constructing the psychological identity of the marriage as an entity in itself.
The 'we' in the marriage moves from 'me' centered as are adolescents and young adults. The person at this young age is mostly interested in establishing their identity separate from their family of origin. Building the new identity of a marriage requires a shift from the "I" centered of the emancipated young adult to a solid and lasting 'we' of the marriage.
At the same time the 'we-ness' has to include room for the autonomy of each partner.
'We-ness' gives marriage its staying power in the face of life's inevitable frustrations and temptations to run away or stray.
It also gives the partners a sense that they constitute a sovereign country in which they make all the rules. People cannot usually choose what time to go to work or school, but they can determine what goes on inside their marriage. Within the civilization they create, they can exert true control.
In a good marriage the new identity is built on a solid foundation of love and empathy.
Each partner must learn to identify with the other, and both together to identify with the marriage. As part of this task of creating the 'we' each partner experiences a change in conscience and moral sense. What is good and what is fair within the relationships is no longer formulated in terms of "what is best for me." The couples decisions reflect consideration of what is best for one partner and what is best for the other partner and what is best for the balance for the marriage.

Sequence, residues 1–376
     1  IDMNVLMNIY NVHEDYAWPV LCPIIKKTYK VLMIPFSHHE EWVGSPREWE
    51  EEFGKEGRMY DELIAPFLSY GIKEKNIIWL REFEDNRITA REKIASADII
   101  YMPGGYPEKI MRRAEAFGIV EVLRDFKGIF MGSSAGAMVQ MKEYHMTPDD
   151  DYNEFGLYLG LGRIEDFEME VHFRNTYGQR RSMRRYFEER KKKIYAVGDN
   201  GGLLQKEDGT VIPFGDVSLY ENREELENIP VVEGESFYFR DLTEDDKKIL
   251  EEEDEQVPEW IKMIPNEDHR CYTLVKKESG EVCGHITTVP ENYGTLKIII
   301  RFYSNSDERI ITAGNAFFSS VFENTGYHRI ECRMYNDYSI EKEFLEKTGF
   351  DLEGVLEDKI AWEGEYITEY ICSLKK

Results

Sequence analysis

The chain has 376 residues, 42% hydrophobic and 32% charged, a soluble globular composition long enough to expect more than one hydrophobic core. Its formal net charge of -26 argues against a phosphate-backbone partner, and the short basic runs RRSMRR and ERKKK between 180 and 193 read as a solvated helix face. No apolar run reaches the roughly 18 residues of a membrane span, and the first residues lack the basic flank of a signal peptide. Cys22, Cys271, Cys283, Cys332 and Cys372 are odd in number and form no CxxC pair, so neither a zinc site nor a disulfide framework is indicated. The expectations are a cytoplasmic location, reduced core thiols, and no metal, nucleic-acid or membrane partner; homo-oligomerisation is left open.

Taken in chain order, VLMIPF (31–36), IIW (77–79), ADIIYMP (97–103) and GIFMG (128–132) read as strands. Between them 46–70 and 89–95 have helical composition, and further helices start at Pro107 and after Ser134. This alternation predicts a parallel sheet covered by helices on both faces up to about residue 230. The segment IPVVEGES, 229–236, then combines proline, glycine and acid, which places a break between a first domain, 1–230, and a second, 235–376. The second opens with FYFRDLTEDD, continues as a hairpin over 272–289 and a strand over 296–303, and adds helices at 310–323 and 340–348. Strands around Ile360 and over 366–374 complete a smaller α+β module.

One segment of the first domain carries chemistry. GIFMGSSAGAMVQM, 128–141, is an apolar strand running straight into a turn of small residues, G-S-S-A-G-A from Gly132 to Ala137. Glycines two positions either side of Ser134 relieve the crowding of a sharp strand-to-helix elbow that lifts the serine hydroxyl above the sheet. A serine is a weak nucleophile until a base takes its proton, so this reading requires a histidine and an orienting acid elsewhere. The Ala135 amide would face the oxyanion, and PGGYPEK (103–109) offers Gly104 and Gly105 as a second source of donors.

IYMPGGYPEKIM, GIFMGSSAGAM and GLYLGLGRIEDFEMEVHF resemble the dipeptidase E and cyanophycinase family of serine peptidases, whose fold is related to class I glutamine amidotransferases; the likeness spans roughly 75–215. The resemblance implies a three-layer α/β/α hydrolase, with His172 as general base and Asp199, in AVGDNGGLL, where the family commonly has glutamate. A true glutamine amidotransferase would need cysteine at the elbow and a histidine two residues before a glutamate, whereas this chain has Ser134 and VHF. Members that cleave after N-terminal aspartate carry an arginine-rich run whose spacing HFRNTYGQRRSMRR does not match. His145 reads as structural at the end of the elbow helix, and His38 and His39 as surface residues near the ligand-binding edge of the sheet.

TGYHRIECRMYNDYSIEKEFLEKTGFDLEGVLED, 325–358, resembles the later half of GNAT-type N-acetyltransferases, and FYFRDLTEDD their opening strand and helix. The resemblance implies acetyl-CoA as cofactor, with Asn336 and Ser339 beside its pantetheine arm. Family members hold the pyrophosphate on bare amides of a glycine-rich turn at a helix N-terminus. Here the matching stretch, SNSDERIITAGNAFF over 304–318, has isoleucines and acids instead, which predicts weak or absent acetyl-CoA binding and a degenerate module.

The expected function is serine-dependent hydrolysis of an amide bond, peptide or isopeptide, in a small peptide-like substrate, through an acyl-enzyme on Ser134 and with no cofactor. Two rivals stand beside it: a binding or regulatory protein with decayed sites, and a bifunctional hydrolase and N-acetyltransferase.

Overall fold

Creating the identity of the marriage is only half the task.
The other half is maintaining autonomy and establishing distance between the partners in the marriage, allowing each a space that is private and protected from intrusion by the other and even from intrusion by the marriage.
Differences must be acknowledged, allowed for, and even welcomed.
Togetherness has its counterpart in individuation.
Closeness has its necessary counterpoint in flexible distance.
Paradoxically, it is out of this push-pull of autonomy and togetherness that the couple acquires a sense of good emotional, moral, and cognitive fit.
To achieve this state both partners take responsibility to make their own wishes and needs known and both must agree what is fair in the relationship.
It works if both partners agree on the well being of the marriage, and making the 'we' as more important than the separate desire of either partner.
The Good Marriage
Wallerstein & Blakesless